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December 2, 2014

Jonathan Tobin: Defending the Right to a Jewish State

Heather Hale: Compliment your kids without giving them big heads

Megan Shauri: 10 ways you are ruining your own happiness

Carolyn Bigda: 8 Best Dividend Stocks for 2015

Kiplinger's Personal Finance editors: 7 Things You Didn't Know About Paying Off Student Loans

Samantha Olson: The Crucial Mistake 55% Of Parents Are Making At Their Baby's Bedtime

Densie Well, Ph.D., R.D. Open your eyes to yellow vegetables

The Kosher Gourmet by Megan Gordon With its colorful cache of purples and oranges and reds, COLLARD GREEN SLAW is a marvelous mood booster --- not to mention just downright delish
April 18, 2014

Rabbi Yonason Goldson: Clarifying one of the greatest philosophical conundrums in theology

Caroline B. Glick: The disappearance of US will

Megan Wallgren: 10 things I've learned from my teenagers

Lizette Borreli: Green Tea Boosts Brain Power, May Help Treat Dementia

John Ericson: Trying hard to be 'positive' but never succeeding? Blame Your Brain

The Kosher Gourmet by Julie Rothman Almondy, flourless torta del re (Italian king's cake), has royal roots, is simple to make, . . . but devour it because it's simply delicious

April 14, 2014

Rabbi Dr Naftali Brawer: Passover frees us from the tyranny of time

Greg Crosby: Passing Over Religion

Eric Schulzke: First degree: How America really recovered from a murder epidemic

Georgia Lee: When love is not enough: Teaching your kids about the realities of adult relationships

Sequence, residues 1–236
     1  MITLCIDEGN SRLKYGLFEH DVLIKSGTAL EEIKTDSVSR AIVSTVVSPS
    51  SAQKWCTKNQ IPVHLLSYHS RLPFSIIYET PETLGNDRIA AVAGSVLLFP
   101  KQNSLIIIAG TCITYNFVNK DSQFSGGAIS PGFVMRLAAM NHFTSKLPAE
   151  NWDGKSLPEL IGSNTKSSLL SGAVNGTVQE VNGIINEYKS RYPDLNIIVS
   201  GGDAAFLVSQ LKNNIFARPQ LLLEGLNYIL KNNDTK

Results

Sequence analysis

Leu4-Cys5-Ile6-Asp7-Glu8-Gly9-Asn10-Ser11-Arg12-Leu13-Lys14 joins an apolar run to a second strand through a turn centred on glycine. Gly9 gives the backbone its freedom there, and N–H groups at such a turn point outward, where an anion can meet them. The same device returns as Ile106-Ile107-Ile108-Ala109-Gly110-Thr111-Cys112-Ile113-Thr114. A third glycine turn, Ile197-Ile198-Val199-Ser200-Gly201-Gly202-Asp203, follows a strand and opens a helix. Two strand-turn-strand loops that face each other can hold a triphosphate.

Cameron Huddleston: Freebies for Your Lawn and Garden

Gordon Pape: How you can tell if your financial adviser is setting you up for potential ruin

Dana Dovey: Up to 500,000 people die each year from hepatitis C-related liver disease. New Treatment Has Over 90% Success Rate

Justin Caba: Eating Watermelon Can Help Control High Blood Pressure

The Kosher Gourmet by Joshua E. London and Lou Marmon Don't dare pass over these Pesach picks for Manischewitz!

April 11, 2014

Rabbi Hillel Goldberg: Silence is much more than golden

Caroline B. Glick: Forgetting freedom at Passover

Susan Swann: How to value a child for who he is, not just what he does

Cameron Huddleston: 7 Financial Tasks You Should Tackle Right Now

Sandra Block and Lisa Gerstner: How to Profit From Your Passion

Susan Scutti: A Simple Blood Test Might Soon Diagnose Cancer

Chris Weller: Have A Slow Metabolism? Let Science Speed It Up For You

The Kosher Gourmet by Diane Rossen Worthington Whitefish Terrine: A French take on gefilte fish

April 9, 2014

Jonathan Tobin: Why Did Kerry Lie About Israeli Blame?

Samuel G. Freedman: A resolution 70 years later for a father's unsettling legacy of ashes from Dachau

Jessica Ivins: A resolution 70 years later for a father's unsettling legacy of ashes from Dachau

Kim Giles: Asking for help is not weakness

Kathy Kristof and Barbara Hoch Marcus: 7 Great Growth Israeli Stocks

Matthew Mientka: How Beans, Peas, And Chickpeas Cleanse Bad Cholesterol and Lowers Risk of Heart Disease

Sabrina Bachai: 5 At-Home Treatments For Headaches

The Kosher Gourmet by Daniel Neman Have yourself a matzo ball: The secrets bubby never told you and recipes she could have never imagined

April 8, 2014

Lori Nawyn: At Your Wit's End and Back: Finding Peace

Susan B. Garland and Rachel L. Sheedy: Strategies Married Couples Can Use to Boost Benefits